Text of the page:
Uncertainty can be defined as imperfect knowledge, and risk as uncertain consequences, particularly unfavorable consequences. To take a risk then is to expose oneself to a chance of loss, in some cases expecting a gain in return. Many decisions in agriculture involve risk and uncertainty. Risk management is concerned with reducing the possibility of unfavorable outcomes or, at least, lessening their negative effects.
Even though it is clear that the greatest risk Florida citrus growers currently face is posed by HLB (and the stress it puts on trees and their operations), there are many other risks that can and should be managed effectively.
TYPES OF RISK IN AGRICULTURE
One of the main risks that agriculture is subject to is production risk. Unlike a manufacturing firm that will combine a specific collection of inputs and obtain a uniform quantity and quality of output, a farmer can combine the same inputs every year and yet obtain different outcomes each time. In crop production, risk comes from the unpredictable nature of weather, pests, diseases, etc., and their impact on yield.
Market or Price Risk
Another source of risk for growers is market or price risk. Since any individual farmer is typically a price taker, farmers are exposed to the (supply and demand) forces of markets for inputs and outputs. Thus, commodity prices vary each year and even within a season. In addition, prices of farm inputs and outputs are seldom known for certain at the time that a farmer must make decisions about how much of which inputs to use or what and how much of various outputs to produce. Therefore, market risk includes risks derived from cyclical and seasonal price fluctuations of agricultural products, trade restrictions (market access), subsidies and currency exchange rates.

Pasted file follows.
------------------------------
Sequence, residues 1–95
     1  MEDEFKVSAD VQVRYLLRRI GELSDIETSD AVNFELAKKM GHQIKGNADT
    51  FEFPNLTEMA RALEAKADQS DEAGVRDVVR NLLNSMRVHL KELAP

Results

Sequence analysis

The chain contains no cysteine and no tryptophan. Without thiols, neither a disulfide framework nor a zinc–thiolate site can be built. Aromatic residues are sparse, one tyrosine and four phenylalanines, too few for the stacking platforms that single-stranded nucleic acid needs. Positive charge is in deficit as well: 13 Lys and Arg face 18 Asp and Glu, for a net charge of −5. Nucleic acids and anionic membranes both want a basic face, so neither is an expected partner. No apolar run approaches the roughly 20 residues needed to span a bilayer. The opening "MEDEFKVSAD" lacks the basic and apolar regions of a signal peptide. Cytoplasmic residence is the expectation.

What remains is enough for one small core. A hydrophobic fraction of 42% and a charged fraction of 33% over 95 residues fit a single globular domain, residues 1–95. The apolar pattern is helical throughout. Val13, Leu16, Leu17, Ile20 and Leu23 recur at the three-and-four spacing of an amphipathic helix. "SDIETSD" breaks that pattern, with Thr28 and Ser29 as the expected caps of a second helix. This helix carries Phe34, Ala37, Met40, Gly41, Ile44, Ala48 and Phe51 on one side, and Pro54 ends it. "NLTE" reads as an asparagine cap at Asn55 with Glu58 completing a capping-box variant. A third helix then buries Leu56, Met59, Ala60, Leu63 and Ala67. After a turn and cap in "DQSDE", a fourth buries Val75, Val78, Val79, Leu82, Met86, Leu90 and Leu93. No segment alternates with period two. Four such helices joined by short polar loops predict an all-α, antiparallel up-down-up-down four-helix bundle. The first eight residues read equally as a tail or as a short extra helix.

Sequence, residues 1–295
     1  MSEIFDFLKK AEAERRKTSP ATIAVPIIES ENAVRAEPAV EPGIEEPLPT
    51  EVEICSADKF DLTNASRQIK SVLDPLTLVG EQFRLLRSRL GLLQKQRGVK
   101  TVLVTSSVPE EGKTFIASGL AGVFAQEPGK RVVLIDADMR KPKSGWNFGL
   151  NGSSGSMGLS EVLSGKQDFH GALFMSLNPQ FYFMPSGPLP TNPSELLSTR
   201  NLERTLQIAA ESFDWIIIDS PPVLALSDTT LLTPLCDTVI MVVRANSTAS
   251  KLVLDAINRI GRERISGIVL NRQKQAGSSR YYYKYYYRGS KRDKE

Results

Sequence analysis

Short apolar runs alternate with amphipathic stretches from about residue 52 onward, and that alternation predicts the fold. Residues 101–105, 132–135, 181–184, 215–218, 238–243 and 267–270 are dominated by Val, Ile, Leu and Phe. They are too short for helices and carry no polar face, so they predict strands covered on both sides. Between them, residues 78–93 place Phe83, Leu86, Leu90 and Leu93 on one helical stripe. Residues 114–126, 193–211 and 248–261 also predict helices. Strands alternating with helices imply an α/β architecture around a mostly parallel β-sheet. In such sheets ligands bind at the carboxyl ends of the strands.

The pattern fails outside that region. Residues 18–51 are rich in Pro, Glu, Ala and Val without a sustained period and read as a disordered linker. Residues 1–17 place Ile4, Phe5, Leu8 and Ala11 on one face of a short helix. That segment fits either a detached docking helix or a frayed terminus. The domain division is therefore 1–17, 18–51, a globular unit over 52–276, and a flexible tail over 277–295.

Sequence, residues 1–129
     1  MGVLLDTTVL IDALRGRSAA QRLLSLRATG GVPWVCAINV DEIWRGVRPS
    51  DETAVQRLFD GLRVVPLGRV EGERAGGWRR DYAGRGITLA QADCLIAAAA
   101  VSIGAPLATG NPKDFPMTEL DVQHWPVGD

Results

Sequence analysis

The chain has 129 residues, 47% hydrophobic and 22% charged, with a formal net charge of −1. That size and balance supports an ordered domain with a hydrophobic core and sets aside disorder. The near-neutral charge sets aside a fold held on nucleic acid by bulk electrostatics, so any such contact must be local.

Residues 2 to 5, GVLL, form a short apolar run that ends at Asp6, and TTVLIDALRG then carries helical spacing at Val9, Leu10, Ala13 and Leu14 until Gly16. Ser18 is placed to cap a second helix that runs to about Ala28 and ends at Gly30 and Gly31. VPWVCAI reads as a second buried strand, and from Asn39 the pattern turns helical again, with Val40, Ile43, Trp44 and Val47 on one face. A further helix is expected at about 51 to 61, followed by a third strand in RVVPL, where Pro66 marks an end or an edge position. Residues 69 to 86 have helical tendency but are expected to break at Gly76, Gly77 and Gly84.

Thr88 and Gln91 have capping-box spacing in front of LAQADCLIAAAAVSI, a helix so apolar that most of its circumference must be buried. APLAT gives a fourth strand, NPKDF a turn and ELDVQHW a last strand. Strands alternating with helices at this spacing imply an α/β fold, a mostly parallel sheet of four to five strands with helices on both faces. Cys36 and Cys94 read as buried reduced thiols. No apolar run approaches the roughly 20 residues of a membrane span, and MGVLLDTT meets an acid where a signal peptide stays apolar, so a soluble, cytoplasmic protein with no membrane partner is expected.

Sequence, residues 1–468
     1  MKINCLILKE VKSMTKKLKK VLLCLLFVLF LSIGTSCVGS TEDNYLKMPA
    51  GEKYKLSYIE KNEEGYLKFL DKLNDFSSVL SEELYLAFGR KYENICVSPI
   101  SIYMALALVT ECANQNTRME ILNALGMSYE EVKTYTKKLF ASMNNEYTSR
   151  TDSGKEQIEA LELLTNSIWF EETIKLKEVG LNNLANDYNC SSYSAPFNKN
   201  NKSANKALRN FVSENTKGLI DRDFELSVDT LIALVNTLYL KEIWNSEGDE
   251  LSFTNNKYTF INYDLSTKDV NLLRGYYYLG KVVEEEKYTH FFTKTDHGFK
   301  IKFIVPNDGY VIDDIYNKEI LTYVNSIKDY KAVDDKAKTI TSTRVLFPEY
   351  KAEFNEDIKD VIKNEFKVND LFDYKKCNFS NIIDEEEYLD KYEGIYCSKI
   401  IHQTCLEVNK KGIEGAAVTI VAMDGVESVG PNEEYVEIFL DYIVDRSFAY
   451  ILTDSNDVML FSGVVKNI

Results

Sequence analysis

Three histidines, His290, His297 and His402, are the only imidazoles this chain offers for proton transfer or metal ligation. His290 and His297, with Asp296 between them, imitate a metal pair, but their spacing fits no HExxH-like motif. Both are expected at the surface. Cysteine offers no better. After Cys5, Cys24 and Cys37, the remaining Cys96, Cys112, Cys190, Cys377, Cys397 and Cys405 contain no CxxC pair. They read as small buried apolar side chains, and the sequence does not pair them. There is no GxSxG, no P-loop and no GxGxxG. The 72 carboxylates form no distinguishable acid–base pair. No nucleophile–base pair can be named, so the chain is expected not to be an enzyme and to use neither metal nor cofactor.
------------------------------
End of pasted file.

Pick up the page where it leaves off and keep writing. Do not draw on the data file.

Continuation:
Governments and their policies present farmers with another source of risk, which is referred to as institutional risk. There could be far-reaching implications for profitability from a change in the rules that affect farm production. Recently, increased concern regarding food safety is affecting the requirements on how agricultural products are being grown and processed. Violations to these governmental regulations can result in fines and/or lawsuits.
Human or Personal Risk
Farm operators may themselves be a source of risk for the profitability of the operation. A sudden injury, illness or death of the owner or manager may threaten the existence of the operation. Also family disputes or divorce settlements can divert property, financial assets or cash from a farm. Such risks are called human or personal risks.